Science in the News

Yellowstone's Steamboat Geyser has rare eruption

Yellowstone National Park's Steamboat Geyser — the world's tallest — has erupted for the first time in more than eight years. On July 31, 2013, the nine-minute blast sent steaming hot water an estimated 200 to 300 feet in the air. Unlike the park's popular and famous Old Faithful geyser, which spews water like clockwork every hour-and-a-half, no one knows when Steamboat will erupt next. In the past, it's gone as long as 50 years without a major event. In 1964, it erupted a record 29 times. The last blast came in 2005.

Daylighting Takes Off as Cities Expose Long-Buried Rivers

Daylighting Takes Off as Cities Expose Long-Buried Rivers

The latest trend in urban renewal involves opening up underground streams. There's likely an underground stream in your city, but it may soon be seeing the light. Uncovering buried streams has had huge impacts in places as diverse as Seattle, Washington, Kalamazoo, Michigan, and even Seoul, Korea—improving local water quality, providing habitat for fish and birds, and turning neglected parking lots and roads into public parks that boost neighbors' property values and can revitalize entire cities. And city planners everywhere are starting to take note.

Scientists look into Earth's "Deep Time" to predict future effects of climate change

Scientists look into Earth's "Deep Time"

Climate change alters the way in which species interact with one another--a reality that applies not just to today or to the future, but also to the past. "We found that, at all time scales, climate change can alter biotic interactions in very complex ways," said paleoecologist Jessica Blois of the University of California, Merced, the study's lead author. "If we don't incorporate this information when we're anticipating future changes, we're missing a big piece of the puzzle."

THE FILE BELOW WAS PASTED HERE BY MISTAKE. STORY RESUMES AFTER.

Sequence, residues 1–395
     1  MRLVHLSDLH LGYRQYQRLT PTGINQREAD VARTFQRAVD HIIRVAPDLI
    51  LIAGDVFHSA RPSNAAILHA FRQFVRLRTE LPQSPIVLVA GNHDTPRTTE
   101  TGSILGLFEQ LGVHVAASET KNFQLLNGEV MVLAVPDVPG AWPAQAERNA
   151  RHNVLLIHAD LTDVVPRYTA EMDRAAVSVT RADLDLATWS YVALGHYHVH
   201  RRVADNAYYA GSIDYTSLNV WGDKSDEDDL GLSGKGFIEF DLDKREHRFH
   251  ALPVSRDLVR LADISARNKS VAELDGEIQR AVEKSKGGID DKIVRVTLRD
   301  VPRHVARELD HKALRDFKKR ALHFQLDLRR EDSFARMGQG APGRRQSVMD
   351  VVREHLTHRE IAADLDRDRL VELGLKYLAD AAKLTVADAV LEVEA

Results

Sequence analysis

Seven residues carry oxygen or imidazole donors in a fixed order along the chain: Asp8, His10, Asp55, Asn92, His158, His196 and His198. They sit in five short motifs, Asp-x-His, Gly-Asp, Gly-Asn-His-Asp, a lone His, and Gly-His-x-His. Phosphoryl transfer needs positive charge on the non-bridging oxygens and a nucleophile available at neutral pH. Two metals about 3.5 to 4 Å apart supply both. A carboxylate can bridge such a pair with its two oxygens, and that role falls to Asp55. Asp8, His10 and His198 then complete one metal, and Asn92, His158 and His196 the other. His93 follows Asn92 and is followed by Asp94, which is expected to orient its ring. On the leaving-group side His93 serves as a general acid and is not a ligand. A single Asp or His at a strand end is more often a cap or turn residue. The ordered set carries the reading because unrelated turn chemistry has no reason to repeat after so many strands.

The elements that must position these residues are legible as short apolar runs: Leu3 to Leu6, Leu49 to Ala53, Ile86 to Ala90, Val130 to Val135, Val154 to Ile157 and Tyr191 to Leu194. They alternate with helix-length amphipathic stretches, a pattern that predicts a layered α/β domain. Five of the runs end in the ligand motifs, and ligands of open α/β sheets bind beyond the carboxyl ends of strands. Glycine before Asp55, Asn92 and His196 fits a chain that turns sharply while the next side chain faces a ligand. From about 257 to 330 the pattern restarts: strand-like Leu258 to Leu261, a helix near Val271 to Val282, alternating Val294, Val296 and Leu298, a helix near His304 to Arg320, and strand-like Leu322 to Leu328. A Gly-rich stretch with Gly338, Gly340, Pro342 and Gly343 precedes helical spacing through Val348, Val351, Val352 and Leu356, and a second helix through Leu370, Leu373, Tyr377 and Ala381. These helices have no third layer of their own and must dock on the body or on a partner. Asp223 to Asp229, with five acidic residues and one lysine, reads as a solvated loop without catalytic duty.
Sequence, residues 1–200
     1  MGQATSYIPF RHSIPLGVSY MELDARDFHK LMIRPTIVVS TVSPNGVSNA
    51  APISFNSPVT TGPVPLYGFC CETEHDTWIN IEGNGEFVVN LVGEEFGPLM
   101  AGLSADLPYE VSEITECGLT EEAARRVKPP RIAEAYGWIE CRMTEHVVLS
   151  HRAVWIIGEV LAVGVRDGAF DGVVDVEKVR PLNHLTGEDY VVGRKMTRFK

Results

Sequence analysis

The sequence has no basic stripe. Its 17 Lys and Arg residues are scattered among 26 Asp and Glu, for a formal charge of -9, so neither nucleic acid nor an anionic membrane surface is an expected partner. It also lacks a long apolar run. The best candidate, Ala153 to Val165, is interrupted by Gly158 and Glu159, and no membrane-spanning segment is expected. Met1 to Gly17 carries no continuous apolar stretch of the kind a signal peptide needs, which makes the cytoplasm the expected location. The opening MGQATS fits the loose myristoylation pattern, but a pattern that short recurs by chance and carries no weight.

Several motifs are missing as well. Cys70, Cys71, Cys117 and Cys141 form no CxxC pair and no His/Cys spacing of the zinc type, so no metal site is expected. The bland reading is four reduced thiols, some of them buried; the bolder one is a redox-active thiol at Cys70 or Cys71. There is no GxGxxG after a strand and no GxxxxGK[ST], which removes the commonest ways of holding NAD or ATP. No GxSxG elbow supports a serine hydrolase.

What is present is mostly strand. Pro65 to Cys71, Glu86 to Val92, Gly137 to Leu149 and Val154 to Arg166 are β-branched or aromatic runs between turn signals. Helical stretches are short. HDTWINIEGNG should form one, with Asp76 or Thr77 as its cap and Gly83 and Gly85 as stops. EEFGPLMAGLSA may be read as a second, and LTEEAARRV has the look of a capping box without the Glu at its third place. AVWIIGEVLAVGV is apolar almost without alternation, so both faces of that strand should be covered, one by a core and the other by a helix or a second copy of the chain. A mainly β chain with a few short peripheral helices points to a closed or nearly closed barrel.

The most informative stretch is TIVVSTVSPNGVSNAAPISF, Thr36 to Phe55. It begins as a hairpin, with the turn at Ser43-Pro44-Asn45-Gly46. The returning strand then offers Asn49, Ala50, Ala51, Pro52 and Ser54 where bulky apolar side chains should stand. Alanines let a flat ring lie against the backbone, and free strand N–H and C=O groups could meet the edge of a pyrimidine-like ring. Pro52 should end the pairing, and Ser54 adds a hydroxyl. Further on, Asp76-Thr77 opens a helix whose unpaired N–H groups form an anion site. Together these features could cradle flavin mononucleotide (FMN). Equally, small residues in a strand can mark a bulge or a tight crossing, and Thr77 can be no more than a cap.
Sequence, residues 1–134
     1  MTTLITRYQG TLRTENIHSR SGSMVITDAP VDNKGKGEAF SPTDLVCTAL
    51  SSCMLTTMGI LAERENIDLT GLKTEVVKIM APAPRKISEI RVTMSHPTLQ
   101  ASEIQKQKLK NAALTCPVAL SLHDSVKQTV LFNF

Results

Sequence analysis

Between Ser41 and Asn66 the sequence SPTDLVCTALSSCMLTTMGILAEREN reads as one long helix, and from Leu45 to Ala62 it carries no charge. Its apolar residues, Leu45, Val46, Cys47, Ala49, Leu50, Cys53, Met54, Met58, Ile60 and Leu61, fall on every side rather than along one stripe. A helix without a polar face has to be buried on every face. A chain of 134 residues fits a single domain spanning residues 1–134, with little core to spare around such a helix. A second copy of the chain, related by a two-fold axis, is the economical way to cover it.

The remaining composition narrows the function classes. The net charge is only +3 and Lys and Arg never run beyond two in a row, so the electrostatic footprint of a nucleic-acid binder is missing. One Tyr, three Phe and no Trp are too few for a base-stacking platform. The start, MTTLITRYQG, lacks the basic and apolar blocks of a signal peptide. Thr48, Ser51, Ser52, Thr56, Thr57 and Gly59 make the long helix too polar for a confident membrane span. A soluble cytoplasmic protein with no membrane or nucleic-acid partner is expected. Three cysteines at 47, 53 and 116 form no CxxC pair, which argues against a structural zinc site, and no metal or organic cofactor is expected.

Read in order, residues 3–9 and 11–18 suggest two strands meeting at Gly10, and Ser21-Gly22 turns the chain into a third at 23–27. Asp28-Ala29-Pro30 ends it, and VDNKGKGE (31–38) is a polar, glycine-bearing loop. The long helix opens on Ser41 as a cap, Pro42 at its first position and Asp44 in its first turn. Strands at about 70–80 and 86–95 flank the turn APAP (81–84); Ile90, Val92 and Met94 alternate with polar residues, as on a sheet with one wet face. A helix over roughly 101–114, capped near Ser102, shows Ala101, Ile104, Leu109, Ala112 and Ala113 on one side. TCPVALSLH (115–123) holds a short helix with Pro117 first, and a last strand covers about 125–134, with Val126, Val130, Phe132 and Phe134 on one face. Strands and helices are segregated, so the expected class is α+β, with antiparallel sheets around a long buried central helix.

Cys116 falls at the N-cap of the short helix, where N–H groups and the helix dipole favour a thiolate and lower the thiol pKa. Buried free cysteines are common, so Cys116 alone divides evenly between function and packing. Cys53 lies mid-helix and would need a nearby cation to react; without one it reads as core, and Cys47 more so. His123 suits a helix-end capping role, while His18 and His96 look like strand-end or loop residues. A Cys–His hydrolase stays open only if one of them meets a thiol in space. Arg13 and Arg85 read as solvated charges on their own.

Iowa Impact Crater Confirmed

From AGI Public Relations (Alexandria, VA) - Scientists have recently confirmed the existence of an impact crater buried below the town of Decorah, Iowa. Scientists first discovered what they thought resembled a crater in 2008, but now it has been corroborated by an airborne geophysical survey. Scientists estimate the diameter of the crater at 5.5 kilometers wide, nearly five times the size of the Barringer Meteor Crater in Arizona.

Changing Atmosphere Affects How Much Water Trees Need

Above the forest canopy: looking down at the trees from a Michigan eddy-covariance tower.

Spurred by increasing levels of atmospheric carbon dioxide, forests over the last two decades have become dramatically more efficient in how they use water. Scientists affiliated with the National Science Foundation's (NSF) Harvard Forest Long-Term Ecological Research (LTER) site report the results in this week's issue of the journal Nature.

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